Rod Argents solo in Hold Your Head Up got peaked my interest in organ. My early licks came from listening to early Santana albums, up through Moonflower. For some reason I have never listened to much organ jazz. Maybe I have not chosen the right artists but organ based jazz does not seem to have the high level of emotion I like in a song.

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This is a slight tangent from the main topic, but I noticed a poster above mentioned the roland keyboards of the 60's & 70's card ... I'm very seriously considering purchasing an xp-30 as a second keyboard, a principal use of which would be organ sounds (I have a Yammy s80 as main axe for piano & electric pianos but want unweighted keys for the organ sounds). If I go with the sp-30, I'd have the option of purchasing the 60's/70's card for my B3 sounds, or throwing an EMU B3 rom in my proteus 2000 and controlling it via midi (for about the same price). I've read excellent reviews of the emu B3 sounds, but not much info on the roland expansion board. Care to elaborate on your impression of the sounds (especially B3 sounds) on that board ... pros, cons... hights, lows? Many thanks if you do.

Chris

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My rig for B3 sounds? Roland VK -7 feeding a Leslie 142 by way of a Trek II UC-1A combo preamp. For shorter, lower-paying gigs I bring it without the Leslie.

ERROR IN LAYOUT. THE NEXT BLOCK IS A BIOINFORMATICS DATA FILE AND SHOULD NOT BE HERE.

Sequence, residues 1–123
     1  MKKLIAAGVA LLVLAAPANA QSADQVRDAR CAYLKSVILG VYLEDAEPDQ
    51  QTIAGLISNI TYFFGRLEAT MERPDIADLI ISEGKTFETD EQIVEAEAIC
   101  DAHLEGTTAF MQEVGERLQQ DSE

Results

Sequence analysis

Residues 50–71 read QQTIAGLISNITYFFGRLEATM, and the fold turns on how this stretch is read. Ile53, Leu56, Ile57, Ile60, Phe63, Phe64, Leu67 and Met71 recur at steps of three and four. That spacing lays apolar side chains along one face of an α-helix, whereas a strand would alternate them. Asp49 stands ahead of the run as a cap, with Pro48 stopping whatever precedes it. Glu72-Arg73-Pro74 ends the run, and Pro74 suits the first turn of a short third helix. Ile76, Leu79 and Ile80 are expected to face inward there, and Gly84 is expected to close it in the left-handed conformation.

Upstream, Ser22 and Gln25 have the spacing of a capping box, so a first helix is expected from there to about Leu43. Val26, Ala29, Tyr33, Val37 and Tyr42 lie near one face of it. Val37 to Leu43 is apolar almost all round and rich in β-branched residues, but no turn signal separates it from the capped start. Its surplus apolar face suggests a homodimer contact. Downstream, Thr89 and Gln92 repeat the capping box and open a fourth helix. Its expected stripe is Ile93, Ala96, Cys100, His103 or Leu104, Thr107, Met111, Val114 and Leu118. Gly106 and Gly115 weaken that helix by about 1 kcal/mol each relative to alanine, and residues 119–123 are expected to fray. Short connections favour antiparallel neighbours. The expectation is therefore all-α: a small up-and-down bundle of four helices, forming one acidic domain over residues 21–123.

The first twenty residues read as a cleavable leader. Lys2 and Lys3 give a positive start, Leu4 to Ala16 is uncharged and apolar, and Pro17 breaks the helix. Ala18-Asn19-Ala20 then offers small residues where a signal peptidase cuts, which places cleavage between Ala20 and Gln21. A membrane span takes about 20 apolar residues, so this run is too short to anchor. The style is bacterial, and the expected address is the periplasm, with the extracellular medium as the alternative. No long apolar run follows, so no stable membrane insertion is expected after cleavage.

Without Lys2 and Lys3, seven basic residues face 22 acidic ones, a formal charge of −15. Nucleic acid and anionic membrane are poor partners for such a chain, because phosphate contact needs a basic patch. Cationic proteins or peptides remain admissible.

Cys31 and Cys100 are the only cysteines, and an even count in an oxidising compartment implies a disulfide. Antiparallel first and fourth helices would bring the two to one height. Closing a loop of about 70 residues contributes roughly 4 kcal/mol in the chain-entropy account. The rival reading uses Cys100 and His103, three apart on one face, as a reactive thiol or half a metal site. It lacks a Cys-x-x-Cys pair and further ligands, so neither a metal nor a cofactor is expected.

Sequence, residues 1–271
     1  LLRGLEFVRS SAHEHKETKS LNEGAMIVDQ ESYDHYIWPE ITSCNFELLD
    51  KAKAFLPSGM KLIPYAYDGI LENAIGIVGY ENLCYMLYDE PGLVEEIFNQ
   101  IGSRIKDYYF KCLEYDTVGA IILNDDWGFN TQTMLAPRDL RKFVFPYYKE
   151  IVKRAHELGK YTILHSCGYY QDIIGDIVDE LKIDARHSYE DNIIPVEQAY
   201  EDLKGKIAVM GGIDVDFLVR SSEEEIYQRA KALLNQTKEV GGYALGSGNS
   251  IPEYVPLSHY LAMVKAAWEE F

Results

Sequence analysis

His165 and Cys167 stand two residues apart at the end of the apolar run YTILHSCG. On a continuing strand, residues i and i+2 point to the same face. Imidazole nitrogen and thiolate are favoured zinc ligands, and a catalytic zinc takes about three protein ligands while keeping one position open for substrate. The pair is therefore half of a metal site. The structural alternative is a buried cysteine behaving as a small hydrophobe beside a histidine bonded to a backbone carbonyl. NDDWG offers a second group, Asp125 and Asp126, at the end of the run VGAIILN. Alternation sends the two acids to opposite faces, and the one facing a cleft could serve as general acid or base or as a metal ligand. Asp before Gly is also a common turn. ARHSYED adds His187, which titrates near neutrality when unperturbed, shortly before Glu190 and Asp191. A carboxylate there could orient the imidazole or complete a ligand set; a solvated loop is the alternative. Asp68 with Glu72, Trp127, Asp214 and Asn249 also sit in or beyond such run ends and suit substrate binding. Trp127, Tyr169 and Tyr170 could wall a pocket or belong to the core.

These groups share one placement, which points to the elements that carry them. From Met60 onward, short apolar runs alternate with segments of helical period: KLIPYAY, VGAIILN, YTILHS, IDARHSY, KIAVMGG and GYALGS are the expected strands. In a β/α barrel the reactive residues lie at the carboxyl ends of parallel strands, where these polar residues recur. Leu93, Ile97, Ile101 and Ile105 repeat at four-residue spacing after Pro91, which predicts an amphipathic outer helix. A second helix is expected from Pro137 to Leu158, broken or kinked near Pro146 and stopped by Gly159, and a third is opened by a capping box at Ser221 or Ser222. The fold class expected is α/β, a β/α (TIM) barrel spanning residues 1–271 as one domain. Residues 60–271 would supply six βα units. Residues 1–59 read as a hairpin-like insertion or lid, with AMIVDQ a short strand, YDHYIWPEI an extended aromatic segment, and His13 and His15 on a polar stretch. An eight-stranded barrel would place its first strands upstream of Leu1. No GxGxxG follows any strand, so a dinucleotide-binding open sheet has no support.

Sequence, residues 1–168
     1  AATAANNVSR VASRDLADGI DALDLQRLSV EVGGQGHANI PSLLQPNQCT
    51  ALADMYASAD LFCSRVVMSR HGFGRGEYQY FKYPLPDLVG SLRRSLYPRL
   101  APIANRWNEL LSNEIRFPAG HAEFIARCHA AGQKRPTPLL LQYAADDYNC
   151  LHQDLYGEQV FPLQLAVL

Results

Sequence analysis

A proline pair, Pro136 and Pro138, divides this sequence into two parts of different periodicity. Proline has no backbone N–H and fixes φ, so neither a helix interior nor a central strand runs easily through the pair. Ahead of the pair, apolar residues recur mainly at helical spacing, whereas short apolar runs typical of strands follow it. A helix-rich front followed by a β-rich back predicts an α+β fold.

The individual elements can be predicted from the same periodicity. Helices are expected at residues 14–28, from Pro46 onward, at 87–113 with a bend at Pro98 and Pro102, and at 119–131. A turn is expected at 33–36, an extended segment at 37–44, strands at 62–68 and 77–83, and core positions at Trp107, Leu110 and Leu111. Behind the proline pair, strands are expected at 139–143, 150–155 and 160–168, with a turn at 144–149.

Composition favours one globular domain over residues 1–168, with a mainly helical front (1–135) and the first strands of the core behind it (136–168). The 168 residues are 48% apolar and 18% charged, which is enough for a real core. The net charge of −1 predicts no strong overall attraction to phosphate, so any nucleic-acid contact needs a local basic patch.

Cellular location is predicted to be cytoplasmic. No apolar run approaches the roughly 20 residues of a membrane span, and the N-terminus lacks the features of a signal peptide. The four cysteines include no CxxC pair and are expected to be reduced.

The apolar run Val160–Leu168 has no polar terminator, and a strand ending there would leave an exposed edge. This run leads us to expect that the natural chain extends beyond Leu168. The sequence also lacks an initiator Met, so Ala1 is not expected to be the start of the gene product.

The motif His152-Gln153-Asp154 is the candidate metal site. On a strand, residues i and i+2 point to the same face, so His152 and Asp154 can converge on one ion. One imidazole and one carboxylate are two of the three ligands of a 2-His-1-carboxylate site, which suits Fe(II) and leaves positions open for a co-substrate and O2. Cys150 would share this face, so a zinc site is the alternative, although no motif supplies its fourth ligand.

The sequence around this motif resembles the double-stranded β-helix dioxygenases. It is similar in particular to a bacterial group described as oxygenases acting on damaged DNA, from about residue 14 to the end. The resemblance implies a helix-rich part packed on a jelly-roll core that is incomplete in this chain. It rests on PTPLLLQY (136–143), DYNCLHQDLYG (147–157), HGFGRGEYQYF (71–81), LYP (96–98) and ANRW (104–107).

Biggest rock / R&B influences: Tom Coster, Chester Thompson

Biggest jazz influences: Larry Young, Richard "Groove" Holmes

 

Piece of Hammond gear I'm most eyeing right now: A chopped Keyboard Products B3 with a flight case, multiple Leslie outputs, and an FX loop.

Stephen Fortner

Principal, Fortner Media

Former Editor in Chief, Keyboard Magazine

Digital Piano Consultant, Piano Buyer Magazine

 

Industry affiliations: Antares, Arturia, Giles Communications, MS Media, Polyverse

 

 

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Originally posted by chris c:

This is a slight tangent from the main topic, but I noticed a poster above mentioned the roland keyboards of the 60's & 70's card ... I'm very seriously considering purchasing an xp-30 as a second keyboard, a principal use of which would be organ sounds (I have a Yammy s80 as main axe for piano & electric pianos but want unweighted keys for the organ sounds). If I go with the sp-30, I'd have the option of purchasing the 60's/70's card for my B3 sounds, or throwing an EMU B3 rom in my proteus 2000 and controlling it via midi (for about the same price). I've read excellent reviews of the emu B3 sounds, but not much info on the roland expansion board. Care to elaborate on your impression of the sounds (especially B3 sounds) on that board ... pros, cons... hights, lows? Many thanks if you do.